Lively, entertaining reviews of, and essays on, old and newer films and everything relating to them, written by professional author William Schoell.

Thursday, January 29, 2015


Lionel Barrymore, Spring Byington and Sara Haden
A FAMILY AFFAIR (1937). Director: George B. Seitz.

"Holy Jumpin' Jerusalem! A party with girls!" -- Andy Hardy

When 20th Century Fox adapted a play and came out with Every Saturday Night  -- which led into the long-running Jones Family series -- MGM also adapted a play the following year and came out with this picture, which also became a long-running series. Spring Byington played the small-town mother, as she did in Every Saturday Night and in all of the other Jones' films, but she was replaced by Fay Holden for subsequent Hardy entries. Lionel Barrymore was the first Judge Hardy but his replacement in all the other films in the series, Lewis Stone, is understandably more associated with the role. Both Byington and Barrymore are very good, although one could argue that the latter seems a bit pooped, weird, and possibly inebriated, but that was often the actor's style. The plot has to do with Judge Hardy putting a temporary restraining order on an aqueduct that might mean great prosperity for Carvel, and earning the enmity of the ingrate townspeople. Daughter Marion (Cecelia Parker) has fallen for a man, Wayne (Eric Linden of No Other Woman), who may lose his job because of the Judge's actions, while her sister Joan (Julie Haydon), who was never seen or mentioned again, is having serious marital problems. Son Andy (Mickey Rooney), who is horrified at the prospect of taking a girl to a party, changes his mind when he gets a load of old playmate Polly Benedict (Margaret Marquis of Escort Girl). Aunt Milly (Sara Haden, who played the role in most but not every Hardy picture) remarks that Joan "feels things too intensely," while the Judge observes that in his day young people were awkward about talking about "the facts of life" -- which elicits a gasp from Mrs. Hardy -- but now it's religion that has them squirming. There's an exciting scene when Marion and Wayne nearly have a disaster when two drunks tow their car to a gas station -- or at least try to -- and they come afoul of a truck whose brakes have failed. The entire cast is wonderful, with especially nice work from Eric Linden, Julie Haydon, and the remarkable Mickey Rooney, who pretty much makes it clear even in this first outing why the series increasingly focused on young Andy. Eric Linden's character of Wayne, who gets engaged to Marion, was never seen again. Marquis is good as Polly if not quite as distinctive as Ann Rutherford, who took over the role.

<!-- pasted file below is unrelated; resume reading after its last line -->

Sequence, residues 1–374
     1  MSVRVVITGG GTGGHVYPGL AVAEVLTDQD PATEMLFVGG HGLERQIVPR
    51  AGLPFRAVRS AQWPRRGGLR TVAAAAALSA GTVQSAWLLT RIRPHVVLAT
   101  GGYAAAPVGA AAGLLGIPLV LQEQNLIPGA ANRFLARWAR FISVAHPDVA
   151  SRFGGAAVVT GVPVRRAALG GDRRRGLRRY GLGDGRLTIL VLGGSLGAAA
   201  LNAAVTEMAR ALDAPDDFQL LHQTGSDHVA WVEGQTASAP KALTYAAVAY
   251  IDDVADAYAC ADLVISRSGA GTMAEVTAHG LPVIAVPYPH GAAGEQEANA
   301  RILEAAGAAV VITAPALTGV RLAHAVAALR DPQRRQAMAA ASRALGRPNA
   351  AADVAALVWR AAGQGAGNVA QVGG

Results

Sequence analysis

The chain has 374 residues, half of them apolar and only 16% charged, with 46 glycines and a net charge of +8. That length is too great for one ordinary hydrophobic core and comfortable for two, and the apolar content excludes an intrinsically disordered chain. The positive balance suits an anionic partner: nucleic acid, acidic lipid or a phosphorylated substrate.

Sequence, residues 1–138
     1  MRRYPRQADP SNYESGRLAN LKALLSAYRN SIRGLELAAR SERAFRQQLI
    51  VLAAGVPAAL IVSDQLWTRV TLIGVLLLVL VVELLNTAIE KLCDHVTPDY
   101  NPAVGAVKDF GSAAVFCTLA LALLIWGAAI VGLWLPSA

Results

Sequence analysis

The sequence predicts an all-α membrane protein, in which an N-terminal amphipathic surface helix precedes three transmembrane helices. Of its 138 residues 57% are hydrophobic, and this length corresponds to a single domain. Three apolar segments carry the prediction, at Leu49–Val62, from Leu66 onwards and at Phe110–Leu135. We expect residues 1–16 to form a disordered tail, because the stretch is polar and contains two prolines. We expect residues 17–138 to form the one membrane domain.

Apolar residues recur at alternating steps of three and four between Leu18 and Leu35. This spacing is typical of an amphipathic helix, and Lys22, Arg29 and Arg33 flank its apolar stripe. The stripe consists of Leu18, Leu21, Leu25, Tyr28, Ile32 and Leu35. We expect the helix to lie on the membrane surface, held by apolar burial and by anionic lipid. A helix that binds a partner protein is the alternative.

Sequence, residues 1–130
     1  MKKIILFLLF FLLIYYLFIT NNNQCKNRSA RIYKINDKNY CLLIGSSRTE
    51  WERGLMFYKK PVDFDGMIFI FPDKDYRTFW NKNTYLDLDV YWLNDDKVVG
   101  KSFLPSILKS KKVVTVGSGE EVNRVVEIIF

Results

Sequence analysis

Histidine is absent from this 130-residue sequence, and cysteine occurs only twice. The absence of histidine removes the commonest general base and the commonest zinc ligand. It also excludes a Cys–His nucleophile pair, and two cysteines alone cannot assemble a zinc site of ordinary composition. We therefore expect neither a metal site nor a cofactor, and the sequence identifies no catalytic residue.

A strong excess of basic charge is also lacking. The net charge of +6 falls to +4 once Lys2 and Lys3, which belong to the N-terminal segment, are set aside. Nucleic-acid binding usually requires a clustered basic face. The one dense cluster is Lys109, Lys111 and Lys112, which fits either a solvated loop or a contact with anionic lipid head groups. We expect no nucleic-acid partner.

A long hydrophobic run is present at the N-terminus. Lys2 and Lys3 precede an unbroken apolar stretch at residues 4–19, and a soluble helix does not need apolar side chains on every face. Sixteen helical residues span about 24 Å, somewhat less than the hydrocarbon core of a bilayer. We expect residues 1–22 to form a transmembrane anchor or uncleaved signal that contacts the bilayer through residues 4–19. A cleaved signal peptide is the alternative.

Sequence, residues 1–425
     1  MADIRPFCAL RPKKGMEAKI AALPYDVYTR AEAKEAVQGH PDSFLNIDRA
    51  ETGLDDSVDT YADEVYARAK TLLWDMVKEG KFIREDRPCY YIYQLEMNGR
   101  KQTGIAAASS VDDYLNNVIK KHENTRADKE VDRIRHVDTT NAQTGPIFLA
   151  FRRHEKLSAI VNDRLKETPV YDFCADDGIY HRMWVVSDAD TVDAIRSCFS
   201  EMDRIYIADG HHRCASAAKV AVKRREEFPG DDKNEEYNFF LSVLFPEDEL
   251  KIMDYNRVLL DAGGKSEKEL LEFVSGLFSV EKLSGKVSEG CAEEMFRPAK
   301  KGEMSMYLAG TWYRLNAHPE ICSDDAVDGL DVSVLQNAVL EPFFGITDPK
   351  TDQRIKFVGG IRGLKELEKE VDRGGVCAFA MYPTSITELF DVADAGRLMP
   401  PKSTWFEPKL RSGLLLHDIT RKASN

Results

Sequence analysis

Verdict: Fun old movie with that irrepressible Mickey. ***.


angelman66 said...

Have not seen this one in years - I totally forgot that Spring Byington played the mom, and that a different actress played Polly (I loved Ann Rutherford in the role). I need to see it again, especially to check out Mr. Barrymore as Judge Hardy.

William said...

I forgot about Byington as well. I assume she was tied to a 20th century Fox contract for the Jones films and couldn't do any more of MGM's Hardy movies. Barrymore is interesting but Lewis Stone is the ultimate Judge Hardy. Funny that sister Joan is never seen again!